5 Things Peregrine Pharmaceuticals Wants You to Know

Peregrine Pharmaceuticals produced market-topping results in the fourth quarter, but it's the juicy details from its conference call that stole the show.

Sean Williams
Sean Williams
Aug 11, 2015 at 1:17PM
Health Care

Source: National Cancer Institute. 

Last month small-cap biopharmaceutical company Peregrine Pharmaceuticals (NASDAQ:PPHM), which is focused on developing novel cancer immunotherapy products, reported its fourth-quarter results, which handily surpassed Wall Street's expectations.

For the fourth quarter, Peregrine announced revenue of $9.3 million, a 44% increase from the year-ago period when it reported $6.5 million in revenue. Although Peregrine's pharmaceutical business is still wholly clinical, its contract manufacturing subsidiary Avid Bioservices has been driving its top-line higher.

But higher sales didn't stop Peregrine's year-over-year loss from widening to $13.5 million, or $0.07 per share, from $10.6 million, or $0.06 per share, the year-ago quarter. Nonetheless, Peregrine's revenue came in close to $3 million ahead of estimates, and its loss was $0.01 per share narrower than expected.

On the surface this all sounds great, but these headline figures really give us no idea how healthy Peregrine's pipeline is, or how prepared the company is to survive over the long-term. In order to get those answers we need to turn directly to the horse's mouth, Peregrine's management team, and highlight the five most important takeaways from the company's conference call with investors and analysts.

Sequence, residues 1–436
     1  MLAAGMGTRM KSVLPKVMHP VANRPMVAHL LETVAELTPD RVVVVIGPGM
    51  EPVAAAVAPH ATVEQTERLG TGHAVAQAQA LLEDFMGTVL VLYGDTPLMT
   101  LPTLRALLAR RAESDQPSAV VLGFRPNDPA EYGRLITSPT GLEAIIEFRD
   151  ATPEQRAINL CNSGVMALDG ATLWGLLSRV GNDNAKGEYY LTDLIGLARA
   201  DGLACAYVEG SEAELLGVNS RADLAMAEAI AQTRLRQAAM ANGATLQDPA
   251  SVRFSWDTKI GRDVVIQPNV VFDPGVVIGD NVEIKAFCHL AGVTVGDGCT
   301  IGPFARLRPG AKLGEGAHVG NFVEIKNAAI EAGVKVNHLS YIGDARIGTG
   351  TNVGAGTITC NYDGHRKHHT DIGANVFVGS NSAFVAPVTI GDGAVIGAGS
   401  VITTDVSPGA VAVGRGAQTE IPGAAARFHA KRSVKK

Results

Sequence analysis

In no particular order, here's what you need to know (quotes courtesy of S&P Capital IQ).

SUNRISE is on track

"Clinically, our SUNRISE trial in non-small cell lung cancer remains on target to complete patient enrollment by calendar year end." -- Steven King, CEO

Arguably the most important words to come out of Peregrine's conference call came within the first few sentences from CEO Steven King. The SUNRISE trial, which is a phase 3 study examining cancer vaccine bavituximab as a second-line treatment for non-small cell lung cancer, or NSCLC, with a primary endpoint of a statistically significant improvement in overall survival relative to the placebo, remains on track to be fully enrolled by the end of this calendar year.

Aside from the fact that positive data in the SUNRISE study would validate Peregrine's drug development platform targeting phosphatidylserine receptors, remaining on track is important to help keep Peregrine's expenses under control. Despite having contract manufacturing revenue under its belt, Peregrine burned through nearly $43 million in cash in fiscal 2015. It's important its study remains on track so the company doesn't run out of cash.

Source: Peregrine Pharmaceuticals.

NSCLC is just the beginning

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"Our preclinical results study show that the combination treatment with an anti-PD-1 antibody yield superior growth inhibition in a large percentage of subjects, while also exhibiting multiple immunostimulatory changes associated with an anti-immune response as compared to anti-PD-1 alone. Taken together, these results...provide a rationale for the clinical evaluation of bavituximab with PD-1 or PDL-1 targeting drugs in lung cancer and other indications." -- Jeffrey Hutchins, VP of Preclinical Research

While bavituximab as a second-line therapy for NSCLC has the potential to validate bavituximab as a viable therapy and demonstrate the value of Peregrine's drug development platform, NSCLC isn't the end of the line for Peregrine -- it's just the beginning.

Peregrine has presented a number of preclinical studies in recent months that demonstrate bavituximab's PS-blocking activity (binding with PS receptors blocks the immunosuppressant quality of cancer cells) may actually heighten the effect of anti-PD-1 and anti-PD-L1 cancer immunotherapies, which are all the rage among oncology researchers. The PD-1 and PD-L1 drug market is being described on Wall Street as a "tens of billions of dollars" opportunity in the coming decade, and if bavituximab can latch on with these immunotherapies as a combination therapy that improves response rates and survival, it could be a big positive.

Source: Bristol-Myers Squibb.

You want a catalyst timetable? You got one!